1 point
  13. Great Black Hawk, Biddeford ME by Seth Davis, on Flickr If accepted, this will be the 2nd N. American Record, and obviously the first for Maine!
    1 point
  14. Adult female Baltimore actually show a fair bit of black mottling on the head. I'd say it's a youngster.
    1 point
  15. Apologies to my english (as usual)!!! i was at a beach & swimming this weekend in Westport Connecticut and I was thinking to birds and I see this bird by parking lot then it flew to woods and i got to be obsess to chase it and chase it. I know there are many sparrows of connecticut but this was bigger and it had the striping on chest. I manage the picture and I have hope to learn what it is. i hope it is a bird worth it because when I got back to beach all of my clothing was stole! Walk home wearing only small speedo was not fun! But I still love USA and connecticut more than poland! thank you if you can identify Peitr
    1 point
  16. I agree with Brown-headed Cowbird. Not sure if it's a female or a juvenile. Oh no- really sorry about your clothes! Westport is the town right next to where I am!
    1 point
  17. 1 point
  18. Brown-headed Cowbird was my first impression.
    1 point
  19. Short tail and a diffuse breastband -- this looks like a juvenile Tree Swallow.
    1 point
  20. Out of likes.................................but LOL!
    1 point
  21. Wow! Good day! 12 would have been lifers...............
    1 point
  22. Yes to all. The second is a Yellow-headed Blackbird.
    1 point
  23. Juvenile Yellow crown night heron Ft Worth TX Nature Center 8-18 Juvenile Yellow crown night heron Ft Worth TX Nature Center 8-18 by johnd1964, on Flickr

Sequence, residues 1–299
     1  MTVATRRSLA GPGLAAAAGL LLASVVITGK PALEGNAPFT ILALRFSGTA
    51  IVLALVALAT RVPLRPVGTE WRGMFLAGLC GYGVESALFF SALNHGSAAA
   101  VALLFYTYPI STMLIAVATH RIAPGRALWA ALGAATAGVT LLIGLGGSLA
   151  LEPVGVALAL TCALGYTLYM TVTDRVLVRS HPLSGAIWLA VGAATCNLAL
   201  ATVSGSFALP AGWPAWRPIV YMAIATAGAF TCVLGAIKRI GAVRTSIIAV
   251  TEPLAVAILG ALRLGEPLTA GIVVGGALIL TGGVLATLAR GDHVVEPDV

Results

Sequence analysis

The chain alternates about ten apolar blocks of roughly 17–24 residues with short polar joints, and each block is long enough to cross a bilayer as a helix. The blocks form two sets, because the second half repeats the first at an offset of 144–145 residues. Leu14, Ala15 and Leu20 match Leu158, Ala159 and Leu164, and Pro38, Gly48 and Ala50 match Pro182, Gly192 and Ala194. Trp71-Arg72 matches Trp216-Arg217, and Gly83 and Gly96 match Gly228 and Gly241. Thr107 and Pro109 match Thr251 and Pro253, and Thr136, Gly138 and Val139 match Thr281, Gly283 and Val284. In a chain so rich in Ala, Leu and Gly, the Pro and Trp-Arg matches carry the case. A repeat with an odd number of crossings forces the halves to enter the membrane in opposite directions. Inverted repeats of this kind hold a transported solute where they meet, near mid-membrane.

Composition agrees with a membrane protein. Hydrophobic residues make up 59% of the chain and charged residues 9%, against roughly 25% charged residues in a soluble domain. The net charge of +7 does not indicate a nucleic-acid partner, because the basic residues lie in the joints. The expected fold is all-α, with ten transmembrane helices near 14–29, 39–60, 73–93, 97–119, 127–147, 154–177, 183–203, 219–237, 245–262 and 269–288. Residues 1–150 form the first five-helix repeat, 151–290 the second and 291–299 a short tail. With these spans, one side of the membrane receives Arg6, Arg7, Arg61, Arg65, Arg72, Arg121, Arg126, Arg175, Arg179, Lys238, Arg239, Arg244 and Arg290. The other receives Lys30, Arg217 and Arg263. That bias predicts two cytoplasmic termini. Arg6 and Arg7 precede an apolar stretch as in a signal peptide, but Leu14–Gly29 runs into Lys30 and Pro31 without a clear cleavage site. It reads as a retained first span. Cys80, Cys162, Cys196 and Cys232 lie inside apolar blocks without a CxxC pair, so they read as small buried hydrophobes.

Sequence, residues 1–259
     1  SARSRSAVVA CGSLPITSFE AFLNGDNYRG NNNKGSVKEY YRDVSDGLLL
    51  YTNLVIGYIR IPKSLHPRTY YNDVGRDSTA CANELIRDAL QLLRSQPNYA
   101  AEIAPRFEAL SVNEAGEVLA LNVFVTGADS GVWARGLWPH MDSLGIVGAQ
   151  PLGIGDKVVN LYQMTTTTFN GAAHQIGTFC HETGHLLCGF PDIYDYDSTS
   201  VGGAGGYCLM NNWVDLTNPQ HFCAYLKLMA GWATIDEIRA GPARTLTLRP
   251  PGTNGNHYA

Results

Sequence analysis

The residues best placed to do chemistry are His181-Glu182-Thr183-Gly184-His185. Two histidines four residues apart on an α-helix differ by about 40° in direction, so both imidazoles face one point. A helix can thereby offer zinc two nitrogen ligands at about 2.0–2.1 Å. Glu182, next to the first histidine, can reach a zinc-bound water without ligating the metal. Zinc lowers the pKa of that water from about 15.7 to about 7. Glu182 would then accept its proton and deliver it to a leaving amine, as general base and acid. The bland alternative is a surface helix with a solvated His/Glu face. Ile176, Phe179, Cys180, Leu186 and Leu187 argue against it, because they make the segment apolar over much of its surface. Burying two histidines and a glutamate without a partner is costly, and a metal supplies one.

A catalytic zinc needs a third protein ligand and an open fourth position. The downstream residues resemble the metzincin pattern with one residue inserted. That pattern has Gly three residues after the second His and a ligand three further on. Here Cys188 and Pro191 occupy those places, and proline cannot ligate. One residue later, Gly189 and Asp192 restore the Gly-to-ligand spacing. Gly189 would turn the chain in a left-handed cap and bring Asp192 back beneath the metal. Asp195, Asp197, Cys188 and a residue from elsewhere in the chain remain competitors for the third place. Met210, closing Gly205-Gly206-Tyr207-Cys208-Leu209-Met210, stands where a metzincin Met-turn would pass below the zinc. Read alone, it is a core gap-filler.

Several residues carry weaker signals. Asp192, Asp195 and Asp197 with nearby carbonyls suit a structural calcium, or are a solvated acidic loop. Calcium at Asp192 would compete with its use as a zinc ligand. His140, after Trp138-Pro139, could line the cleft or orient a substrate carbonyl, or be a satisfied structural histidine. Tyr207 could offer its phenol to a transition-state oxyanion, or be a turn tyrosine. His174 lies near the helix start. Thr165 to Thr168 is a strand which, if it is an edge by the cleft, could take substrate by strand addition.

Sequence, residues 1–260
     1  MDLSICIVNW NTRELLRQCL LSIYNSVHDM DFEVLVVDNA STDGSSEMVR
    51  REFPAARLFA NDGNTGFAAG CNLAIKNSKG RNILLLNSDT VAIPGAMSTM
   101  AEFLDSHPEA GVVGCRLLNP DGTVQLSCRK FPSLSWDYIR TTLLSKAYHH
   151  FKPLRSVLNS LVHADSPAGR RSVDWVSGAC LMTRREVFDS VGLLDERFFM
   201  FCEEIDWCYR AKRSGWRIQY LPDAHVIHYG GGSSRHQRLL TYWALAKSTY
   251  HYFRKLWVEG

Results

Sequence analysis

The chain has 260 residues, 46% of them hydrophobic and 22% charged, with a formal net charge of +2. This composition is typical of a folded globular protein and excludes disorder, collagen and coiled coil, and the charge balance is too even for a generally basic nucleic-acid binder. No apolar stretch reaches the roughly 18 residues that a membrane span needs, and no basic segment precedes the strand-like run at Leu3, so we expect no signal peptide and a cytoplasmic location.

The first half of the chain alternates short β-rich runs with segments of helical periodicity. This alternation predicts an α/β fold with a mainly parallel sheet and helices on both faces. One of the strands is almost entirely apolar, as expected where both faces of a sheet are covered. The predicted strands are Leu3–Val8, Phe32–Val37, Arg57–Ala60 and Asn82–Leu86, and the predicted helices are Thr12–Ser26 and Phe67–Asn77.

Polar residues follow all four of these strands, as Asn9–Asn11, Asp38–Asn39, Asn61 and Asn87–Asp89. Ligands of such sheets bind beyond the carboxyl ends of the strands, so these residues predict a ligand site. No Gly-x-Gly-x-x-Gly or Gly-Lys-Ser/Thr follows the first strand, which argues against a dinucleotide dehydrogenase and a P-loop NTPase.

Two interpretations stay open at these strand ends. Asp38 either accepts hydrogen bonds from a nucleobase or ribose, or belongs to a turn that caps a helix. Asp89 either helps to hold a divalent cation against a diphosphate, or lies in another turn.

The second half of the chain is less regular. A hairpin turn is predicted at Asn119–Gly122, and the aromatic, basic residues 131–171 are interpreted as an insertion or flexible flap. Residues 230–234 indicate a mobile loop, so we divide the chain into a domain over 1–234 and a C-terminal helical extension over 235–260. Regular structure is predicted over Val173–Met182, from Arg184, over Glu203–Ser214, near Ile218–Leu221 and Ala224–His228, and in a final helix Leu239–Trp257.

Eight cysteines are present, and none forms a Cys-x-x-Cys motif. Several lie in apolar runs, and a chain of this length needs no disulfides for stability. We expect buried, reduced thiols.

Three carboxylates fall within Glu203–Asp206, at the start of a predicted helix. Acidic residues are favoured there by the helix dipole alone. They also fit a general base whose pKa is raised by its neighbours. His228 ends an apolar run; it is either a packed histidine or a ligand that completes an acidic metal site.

1 point
  24. Agree with grackle, but I think those glossy black feathers coming in on the breast indicate a young male.
    1 point
  25. Juvenile Horned Lark for the first two, and a Savannah Sparrow for the third.
    1 point
  26. We had lots of Coots with babies here in Oregon. But the water hole is now dried up so they have gone some where.
    1 point
  27. I think the flycatcher is a Pewee that's molting it's primaries.
    1 point
  28. I agree with BH Cowbird. The flycatcher isn't a Pewee- primary projection is too short and the bird is too compact overall. It's probably one of the western empids, but that structure kinda looks Eastern Phoebe like to me. I'm not quite sure. @The Bird Nuts
    1 point
  29. Thanks! I'll definitely keep working on it. For now, how about some yellow! (Yellow is one of my favorite colors, so I'm glad some of the birds decided to hang out near the flowers.) More yellow, for good measure:
    1 point
  30. Immature Red-tailed Hawk. I met this guy on a jobsite near Canobie Lake in Salem, NH. It was great fun to watch him throw his small stick in the air and pounce on it over and over. Preoccupied with his exercise he (?) paid me little mind and allowed me to get pretty close for some nice shots.
    1 point
  31. This is a white tailed or Mississippi kite?
    1 point
  32. Not the best pictures, but definitely the coolest thing I saw yesterday. Momma rail and babies
    1 point
  33. Apparently the ones in the US show a bit more contrast between the back and the belly, and they have fewer spots on the upper breast on average.
    1 point
  34. Your English is better than our Polish! Welcome.
    1 point
  35. Yes, these are Ospreys, and they look like nestlings. Ospreys are present in Poland, however it's a different subspecies. American Osprey is P. h. carolinensis, and the nominate subspecies of Europe is P. h. haliaetus.
    1 point
  36. It looks like an Osprey's nest. I don't know if there are Ospreys in Poland as I'm not familiar with European birds so wait for more people to comment. 🙂
    1 point